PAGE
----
Do Functional Movement Screen Items predict Dynamic Balance under Military Torso Load?

Research Paper Title

Functional Movement Screen Items Predict Dynamic Balance Under Military Torso Load.

Background

Musculoskeletal injuries threaten military readiness and impose a significant financial burden.

The functional movement screen (FMS), a 7-item, preparticipation screening tool, may aid in identifying compensatory movement patterns that can hinder physical performance and lead to injuries in active-duty military personnel.

The primary aim of the study was to determine if items scores from the traditional FMS or a modified FMS (mFMS) obtained under loaded conditions can predict dynamic balance scores while wearing a military load.

Methods

Thirty physically active adults (19 males and 11 females) who qualified for Army basic training completed unloaded and loaded FMS testing.

Loaded balance was assessed using the Y balance test and the Biodex balance system.

The mFMS and both loaded balance assessment protocols included a military load consisting of a standard issue rucksack (M.O.L.L.E.), kevlar helmet, and weighted vest (mass = 24.2 kg).

Results

mFMS item scores were significantly lower than FMS scores for six of the seven movement items.

Both FMS and mFMS composite scores were correlated with Y balance scores (FMS: r = 0.53, P = 0.003; mFMS: r = 0.37, P = 0.043).

Participants with higher composite scores (≥15) outperformed those with lower composite scores (≤14) for the FMS (P =0.006, d = 1.16) and mFMS (P = 0.031, d = 0.75).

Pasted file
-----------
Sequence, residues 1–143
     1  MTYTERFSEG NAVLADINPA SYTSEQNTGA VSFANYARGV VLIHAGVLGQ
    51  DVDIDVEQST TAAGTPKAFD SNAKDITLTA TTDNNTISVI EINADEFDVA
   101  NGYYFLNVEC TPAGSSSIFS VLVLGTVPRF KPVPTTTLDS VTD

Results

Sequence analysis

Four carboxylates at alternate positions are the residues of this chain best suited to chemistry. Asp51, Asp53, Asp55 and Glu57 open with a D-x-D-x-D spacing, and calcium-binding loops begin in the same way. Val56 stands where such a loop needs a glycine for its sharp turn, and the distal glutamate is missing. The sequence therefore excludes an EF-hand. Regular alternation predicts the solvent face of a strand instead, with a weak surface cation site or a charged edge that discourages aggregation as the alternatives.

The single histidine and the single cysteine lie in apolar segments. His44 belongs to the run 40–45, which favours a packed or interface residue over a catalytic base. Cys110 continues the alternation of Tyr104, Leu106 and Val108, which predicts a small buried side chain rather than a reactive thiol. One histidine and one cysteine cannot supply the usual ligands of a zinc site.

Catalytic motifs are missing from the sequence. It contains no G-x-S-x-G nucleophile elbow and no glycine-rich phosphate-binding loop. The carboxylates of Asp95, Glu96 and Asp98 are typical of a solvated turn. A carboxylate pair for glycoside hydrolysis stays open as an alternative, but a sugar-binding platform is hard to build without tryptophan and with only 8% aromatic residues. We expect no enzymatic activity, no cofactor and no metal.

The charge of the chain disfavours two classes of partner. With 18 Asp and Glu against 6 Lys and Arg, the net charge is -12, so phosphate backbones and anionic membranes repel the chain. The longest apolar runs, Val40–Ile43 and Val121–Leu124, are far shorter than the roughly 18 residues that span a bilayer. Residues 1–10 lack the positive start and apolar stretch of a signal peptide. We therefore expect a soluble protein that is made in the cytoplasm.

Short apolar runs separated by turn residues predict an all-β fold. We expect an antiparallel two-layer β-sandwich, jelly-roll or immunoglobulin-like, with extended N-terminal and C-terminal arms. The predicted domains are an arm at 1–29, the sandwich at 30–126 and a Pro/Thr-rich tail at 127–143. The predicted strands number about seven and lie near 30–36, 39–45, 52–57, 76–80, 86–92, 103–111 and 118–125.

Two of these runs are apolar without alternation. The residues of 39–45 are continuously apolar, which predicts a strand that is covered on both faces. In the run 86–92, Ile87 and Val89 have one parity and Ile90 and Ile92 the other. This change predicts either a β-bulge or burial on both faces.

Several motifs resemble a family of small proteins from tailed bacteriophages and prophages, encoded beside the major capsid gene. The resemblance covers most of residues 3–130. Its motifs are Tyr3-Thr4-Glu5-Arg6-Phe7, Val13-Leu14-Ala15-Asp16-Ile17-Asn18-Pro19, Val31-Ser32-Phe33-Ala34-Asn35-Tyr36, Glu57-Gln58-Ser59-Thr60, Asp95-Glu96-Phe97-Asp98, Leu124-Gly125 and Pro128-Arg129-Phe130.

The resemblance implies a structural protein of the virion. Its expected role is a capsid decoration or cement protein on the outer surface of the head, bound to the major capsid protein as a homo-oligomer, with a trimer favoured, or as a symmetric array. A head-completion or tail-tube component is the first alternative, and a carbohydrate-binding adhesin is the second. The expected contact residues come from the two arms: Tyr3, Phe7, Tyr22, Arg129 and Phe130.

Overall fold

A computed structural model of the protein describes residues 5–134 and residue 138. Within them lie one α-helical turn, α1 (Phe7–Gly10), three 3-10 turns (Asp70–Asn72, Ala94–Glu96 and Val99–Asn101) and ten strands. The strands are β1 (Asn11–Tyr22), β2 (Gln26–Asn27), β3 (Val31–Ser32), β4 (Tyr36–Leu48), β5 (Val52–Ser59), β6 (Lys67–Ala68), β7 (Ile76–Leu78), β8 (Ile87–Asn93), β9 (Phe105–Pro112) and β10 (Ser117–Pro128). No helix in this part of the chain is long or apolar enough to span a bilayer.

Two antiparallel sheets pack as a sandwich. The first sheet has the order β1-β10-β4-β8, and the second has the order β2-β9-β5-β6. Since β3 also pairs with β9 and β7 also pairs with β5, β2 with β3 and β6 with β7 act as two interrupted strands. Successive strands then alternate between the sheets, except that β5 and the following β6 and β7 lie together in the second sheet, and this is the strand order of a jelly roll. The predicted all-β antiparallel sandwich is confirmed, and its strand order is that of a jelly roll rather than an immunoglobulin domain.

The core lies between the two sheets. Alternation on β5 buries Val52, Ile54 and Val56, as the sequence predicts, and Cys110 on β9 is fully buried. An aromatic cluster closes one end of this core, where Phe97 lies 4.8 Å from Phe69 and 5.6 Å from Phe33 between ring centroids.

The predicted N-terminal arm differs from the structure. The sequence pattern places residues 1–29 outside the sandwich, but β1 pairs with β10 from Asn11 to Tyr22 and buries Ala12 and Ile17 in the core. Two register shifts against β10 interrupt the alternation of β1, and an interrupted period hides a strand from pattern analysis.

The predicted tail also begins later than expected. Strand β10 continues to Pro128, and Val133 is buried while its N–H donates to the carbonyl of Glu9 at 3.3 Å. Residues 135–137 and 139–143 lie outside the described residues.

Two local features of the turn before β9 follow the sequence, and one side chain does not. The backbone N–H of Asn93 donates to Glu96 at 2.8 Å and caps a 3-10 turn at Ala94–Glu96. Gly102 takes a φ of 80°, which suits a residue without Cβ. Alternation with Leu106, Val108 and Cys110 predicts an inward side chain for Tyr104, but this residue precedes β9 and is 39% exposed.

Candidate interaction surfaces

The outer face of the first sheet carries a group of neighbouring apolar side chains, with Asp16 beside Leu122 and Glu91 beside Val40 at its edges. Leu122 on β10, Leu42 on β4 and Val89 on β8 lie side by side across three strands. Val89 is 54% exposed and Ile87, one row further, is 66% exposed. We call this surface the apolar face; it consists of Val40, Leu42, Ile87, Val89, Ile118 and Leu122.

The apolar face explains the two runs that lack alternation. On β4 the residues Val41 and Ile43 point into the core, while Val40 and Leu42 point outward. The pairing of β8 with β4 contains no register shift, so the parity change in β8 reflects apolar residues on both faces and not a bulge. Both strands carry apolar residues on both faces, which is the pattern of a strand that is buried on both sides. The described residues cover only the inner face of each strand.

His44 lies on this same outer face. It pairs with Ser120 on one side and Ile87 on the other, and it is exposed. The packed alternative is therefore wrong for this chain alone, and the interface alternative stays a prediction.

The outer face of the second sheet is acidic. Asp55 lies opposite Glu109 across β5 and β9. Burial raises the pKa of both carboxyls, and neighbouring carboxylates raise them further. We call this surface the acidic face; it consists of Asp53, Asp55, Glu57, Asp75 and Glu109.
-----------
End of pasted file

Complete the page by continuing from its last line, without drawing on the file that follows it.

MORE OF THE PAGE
Lasso penalised regression analyses revealed that:

  1. Higher unloaded in-line lunge subscores predicted better Y balance scores;
  2. Loaded trunk stability push-up scores of three predicted worse balance on the Biodex; and
  3. Unloaded and loaded shoulder mobility scores of 3 predicted better performance on the Biodex balance system.

Conclusions

The in-line lunge subscore from the FMS was the strongest predictor of torso-loaded balance, and the FMS may be more appropriate than a torso-loaded FMS battery when predicting torso-loaded balance among adults with body composition and fitness profiles similar to those of entering military recruits.

These findings provide evidence supporting the use of the conventional FMS to identify active-duty personnel who exhibit greater balance deficits and may develop related musculoskeletal injuries while performing operational tasks that require the transport of heavy loads over long distances.

Reference

Scudmore, E.M., Stevens, S.L., Fuller, D.K., Coons, J.M. & Morgan, D.W. (2020) Functional Movement Screen Items Predict Dynamic Balance Under Military Torso Load. Military Medicine. 185(3-4), pp.493-498. doi: 10.1093/milmed/usz310.

Advertisements

This site uses Akismet to reduce spam. Learn how your comment data is processed.